Tuesday, June 10, 2008

Street Photography Revisited

(photo: Mark Cohen)

I don't know how many articles and essays we've all read about how photography basically can't be trusted, how its ability to present facts and truly inform is limited and questionable, at best. And a lot of those articles and essays were written well before digitalization. So it was amusing when two photoblogs recently implied that street photography was somehow not as interesting, or art worthy (or whatever), as other genres of the medium since it tended to "provide answers," rather than promote "questions." It's one thing to say it's all a matter of taste (agreed), quite another to make unsupported generalizations.

I have no desire whatsoever in revisiting or rehashing the artistic validity of street photography, it's a moot argument argument that can be traced back decades to its very heyday (I can still recall Duane Michals ardent distaste for it). I just don't see how, for instance, landscape photography is any less prone to "sentimentality," "visual puns," or "providing answers." And then of course, just what constitutes "street photography?" One of the bloggers stated that everyone loves Gary Winogrand. Everyone also seems to love Martin Parr- is he a street photographer? The vast majority of his photographs certainly originate there. Does he provide answers, or promote questions? I'd venture he does both- as does any good street shooter, portraitist, or landscape photographer. Is Philip-Lorca diCorcia a street photographer, or a portraitist? And if Mark Cohen's street photography doesn't raise questions, you're just not looking.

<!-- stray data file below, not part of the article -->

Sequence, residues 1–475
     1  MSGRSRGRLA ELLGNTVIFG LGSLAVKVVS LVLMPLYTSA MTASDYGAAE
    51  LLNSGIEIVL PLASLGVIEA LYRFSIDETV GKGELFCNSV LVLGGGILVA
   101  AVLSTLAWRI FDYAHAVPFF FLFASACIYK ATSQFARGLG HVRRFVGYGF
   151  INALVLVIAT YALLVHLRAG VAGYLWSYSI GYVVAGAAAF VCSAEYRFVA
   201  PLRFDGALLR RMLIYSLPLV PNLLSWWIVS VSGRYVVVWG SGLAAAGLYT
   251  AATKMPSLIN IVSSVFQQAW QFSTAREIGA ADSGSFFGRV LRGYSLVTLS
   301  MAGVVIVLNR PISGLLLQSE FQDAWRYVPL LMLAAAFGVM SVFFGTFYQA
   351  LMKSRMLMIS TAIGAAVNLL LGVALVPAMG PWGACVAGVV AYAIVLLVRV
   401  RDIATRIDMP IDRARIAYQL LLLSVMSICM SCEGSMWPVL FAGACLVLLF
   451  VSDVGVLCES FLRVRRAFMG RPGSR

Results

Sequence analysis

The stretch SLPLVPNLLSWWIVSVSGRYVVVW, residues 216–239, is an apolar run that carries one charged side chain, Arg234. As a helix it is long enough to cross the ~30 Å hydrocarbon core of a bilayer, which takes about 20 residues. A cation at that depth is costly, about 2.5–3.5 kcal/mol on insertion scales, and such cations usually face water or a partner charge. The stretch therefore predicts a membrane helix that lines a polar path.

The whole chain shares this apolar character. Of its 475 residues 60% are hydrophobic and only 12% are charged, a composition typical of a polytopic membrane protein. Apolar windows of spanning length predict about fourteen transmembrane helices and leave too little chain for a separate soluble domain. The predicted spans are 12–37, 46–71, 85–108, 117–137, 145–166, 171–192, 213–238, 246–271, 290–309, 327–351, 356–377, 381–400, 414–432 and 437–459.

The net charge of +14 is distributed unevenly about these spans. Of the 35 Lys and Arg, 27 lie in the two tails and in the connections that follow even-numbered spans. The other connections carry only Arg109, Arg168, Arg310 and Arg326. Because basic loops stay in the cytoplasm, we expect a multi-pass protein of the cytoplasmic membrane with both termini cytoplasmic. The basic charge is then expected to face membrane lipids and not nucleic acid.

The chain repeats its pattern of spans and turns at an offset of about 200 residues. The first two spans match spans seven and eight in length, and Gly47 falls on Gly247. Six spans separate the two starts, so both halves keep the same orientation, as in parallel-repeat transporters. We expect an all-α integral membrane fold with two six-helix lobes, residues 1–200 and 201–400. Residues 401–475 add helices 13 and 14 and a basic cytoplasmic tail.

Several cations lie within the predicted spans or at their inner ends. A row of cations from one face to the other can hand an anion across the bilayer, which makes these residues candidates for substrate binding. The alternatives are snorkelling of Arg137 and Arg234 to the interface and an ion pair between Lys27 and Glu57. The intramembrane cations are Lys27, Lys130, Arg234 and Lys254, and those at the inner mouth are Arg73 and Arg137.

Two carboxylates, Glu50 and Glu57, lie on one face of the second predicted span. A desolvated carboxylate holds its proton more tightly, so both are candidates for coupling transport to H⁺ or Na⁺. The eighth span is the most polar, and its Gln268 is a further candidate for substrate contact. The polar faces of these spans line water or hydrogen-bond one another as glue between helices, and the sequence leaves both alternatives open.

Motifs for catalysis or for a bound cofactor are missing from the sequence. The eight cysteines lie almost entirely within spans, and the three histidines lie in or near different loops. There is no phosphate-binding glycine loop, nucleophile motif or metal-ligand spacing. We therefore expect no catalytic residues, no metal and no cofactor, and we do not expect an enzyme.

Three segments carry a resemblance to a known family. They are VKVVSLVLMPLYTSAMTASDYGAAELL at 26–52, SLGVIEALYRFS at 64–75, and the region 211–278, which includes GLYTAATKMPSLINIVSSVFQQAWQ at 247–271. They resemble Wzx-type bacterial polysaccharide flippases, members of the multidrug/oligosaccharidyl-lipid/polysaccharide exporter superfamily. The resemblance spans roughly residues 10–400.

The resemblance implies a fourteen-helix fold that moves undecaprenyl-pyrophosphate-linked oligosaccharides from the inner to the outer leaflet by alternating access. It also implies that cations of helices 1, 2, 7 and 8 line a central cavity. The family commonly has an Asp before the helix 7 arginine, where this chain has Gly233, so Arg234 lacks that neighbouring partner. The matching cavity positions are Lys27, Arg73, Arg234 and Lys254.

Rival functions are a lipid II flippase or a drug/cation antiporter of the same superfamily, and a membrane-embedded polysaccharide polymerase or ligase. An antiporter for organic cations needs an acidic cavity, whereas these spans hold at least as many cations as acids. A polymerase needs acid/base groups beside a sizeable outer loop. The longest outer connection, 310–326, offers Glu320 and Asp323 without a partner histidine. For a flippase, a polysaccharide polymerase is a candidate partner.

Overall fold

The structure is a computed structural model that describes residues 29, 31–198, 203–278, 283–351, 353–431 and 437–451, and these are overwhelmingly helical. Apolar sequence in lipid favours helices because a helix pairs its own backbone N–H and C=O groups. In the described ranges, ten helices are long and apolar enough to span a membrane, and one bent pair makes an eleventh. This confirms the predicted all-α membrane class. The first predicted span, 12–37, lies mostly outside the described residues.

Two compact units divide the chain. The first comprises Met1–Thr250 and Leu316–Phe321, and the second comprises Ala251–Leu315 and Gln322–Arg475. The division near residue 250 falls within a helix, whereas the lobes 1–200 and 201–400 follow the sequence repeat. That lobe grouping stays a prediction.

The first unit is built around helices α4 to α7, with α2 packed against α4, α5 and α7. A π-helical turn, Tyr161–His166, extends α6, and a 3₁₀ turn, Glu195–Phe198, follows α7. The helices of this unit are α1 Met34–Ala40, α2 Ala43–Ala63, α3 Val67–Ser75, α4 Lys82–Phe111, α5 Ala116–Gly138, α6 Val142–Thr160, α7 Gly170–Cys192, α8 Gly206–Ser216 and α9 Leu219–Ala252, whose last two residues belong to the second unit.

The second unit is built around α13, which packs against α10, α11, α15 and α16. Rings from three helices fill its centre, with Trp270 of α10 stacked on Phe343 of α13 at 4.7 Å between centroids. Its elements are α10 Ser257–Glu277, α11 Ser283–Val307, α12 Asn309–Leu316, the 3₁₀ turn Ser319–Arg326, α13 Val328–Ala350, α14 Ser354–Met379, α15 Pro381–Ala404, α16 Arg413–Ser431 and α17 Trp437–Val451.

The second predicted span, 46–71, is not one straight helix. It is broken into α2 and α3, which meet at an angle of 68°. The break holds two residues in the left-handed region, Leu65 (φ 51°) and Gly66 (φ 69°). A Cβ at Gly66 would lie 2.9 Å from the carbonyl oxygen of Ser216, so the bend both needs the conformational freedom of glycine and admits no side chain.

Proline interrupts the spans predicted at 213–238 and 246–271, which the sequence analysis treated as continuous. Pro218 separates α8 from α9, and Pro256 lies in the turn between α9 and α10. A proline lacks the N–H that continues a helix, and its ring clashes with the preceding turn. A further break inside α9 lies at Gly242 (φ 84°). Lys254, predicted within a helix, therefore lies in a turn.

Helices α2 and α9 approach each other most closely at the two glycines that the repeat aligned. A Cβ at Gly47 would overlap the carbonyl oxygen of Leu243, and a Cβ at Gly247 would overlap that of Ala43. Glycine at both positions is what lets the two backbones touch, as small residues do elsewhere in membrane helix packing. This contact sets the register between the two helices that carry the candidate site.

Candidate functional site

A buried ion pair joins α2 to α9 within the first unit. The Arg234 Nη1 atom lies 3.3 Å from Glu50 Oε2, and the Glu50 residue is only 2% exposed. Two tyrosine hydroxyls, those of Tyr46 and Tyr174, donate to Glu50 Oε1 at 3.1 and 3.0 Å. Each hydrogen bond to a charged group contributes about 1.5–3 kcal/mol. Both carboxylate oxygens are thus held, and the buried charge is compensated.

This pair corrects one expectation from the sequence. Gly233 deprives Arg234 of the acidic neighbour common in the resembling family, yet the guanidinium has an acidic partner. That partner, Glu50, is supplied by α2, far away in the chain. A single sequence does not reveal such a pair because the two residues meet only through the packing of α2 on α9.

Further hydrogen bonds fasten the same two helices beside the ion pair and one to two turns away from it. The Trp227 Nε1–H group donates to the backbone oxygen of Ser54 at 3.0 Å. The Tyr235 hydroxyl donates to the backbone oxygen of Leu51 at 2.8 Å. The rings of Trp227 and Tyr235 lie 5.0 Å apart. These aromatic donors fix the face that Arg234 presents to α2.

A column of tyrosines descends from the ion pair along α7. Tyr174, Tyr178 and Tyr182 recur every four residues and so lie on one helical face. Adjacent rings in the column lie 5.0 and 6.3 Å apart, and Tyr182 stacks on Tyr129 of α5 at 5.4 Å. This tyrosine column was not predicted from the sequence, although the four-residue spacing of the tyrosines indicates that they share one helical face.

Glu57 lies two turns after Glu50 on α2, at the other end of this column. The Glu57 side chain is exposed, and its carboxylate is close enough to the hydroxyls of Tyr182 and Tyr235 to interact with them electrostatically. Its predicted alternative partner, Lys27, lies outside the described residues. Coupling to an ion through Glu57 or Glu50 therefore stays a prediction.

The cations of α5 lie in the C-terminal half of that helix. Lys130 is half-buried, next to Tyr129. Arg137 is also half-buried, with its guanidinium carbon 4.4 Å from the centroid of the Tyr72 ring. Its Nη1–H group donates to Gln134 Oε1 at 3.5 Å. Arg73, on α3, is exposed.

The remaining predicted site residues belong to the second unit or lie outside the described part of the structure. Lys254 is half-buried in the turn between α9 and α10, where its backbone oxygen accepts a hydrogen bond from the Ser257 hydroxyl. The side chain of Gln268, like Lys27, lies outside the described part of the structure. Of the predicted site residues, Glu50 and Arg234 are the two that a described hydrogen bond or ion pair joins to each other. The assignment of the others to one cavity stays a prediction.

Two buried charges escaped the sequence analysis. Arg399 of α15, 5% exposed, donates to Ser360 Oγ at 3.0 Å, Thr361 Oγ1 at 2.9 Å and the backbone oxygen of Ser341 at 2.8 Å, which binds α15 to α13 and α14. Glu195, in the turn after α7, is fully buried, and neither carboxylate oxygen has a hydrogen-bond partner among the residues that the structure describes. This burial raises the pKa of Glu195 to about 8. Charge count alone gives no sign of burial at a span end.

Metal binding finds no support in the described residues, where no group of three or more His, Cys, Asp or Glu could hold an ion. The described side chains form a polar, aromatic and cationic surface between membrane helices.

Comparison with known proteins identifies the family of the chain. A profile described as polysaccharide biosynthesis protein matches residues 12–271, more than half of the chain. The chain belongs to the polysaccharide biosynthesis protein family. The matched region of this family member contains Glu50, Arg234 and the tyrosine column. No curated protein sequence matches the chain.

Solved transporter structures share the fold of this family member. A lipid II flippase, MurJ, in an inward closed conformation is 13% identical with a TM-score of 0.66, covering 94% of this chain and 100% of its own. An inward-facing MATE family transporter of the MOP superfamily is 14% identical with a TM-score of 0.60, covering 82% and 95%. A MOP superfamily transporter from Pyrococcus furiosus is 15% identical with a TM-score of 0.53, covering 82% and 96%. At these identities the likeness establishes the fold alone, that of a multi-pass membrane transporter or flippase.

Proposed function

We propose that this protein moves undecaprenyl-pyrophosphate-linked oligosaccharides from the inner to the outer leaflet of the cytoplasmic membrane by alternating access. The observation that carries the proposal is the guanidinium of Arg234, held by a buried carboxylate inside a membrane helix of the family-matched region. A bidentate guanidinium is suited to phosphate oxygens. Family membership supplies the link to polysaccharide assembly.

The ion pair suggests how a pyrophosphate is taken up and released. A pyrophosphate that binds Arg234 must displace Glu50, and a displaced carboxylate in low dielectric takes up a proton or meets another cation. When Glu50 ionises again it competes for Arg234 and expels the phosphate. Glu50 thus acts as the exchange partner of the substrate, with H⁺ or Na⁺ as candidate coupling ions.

The other blogger once stated that "if you like street photography, take a walk down the street." Right, and if you like landscape photography, stroll down a country lane. I've always viewed street photography as varying mixtures of portraiture and urban landscape, and if you live in a city, horizon lines are at a premium. One makes do with the opportunities, environment and vision afforded one, so I can wholly appreciate the artistry of a Trent Parke, a Gus Powell, a Jeffrey Ladd. And one can only wonder how Gary ("all photography does is describe light on surface") Winogrand would have responded to the street photography "provides answers" statement- most likely something involving a laugh and a roll of those ever inquisitive eyes...


colin pantall said...

You can add William Klein, Daido Moriyama, Robert Frank, Walker Evans, Henri Cartier-Bresson, Diane Arbus or virtually anyone who does non-studio based non-appointment photography. Go on, you could even make a case for Rineke Dijkstra (Beach Portraits was shot on the go - with the beach an extension of the street) and Alec Soth - large format street photography, you know it makes sense!

Stan B. said...

Blasphemy! I mean... Bravo!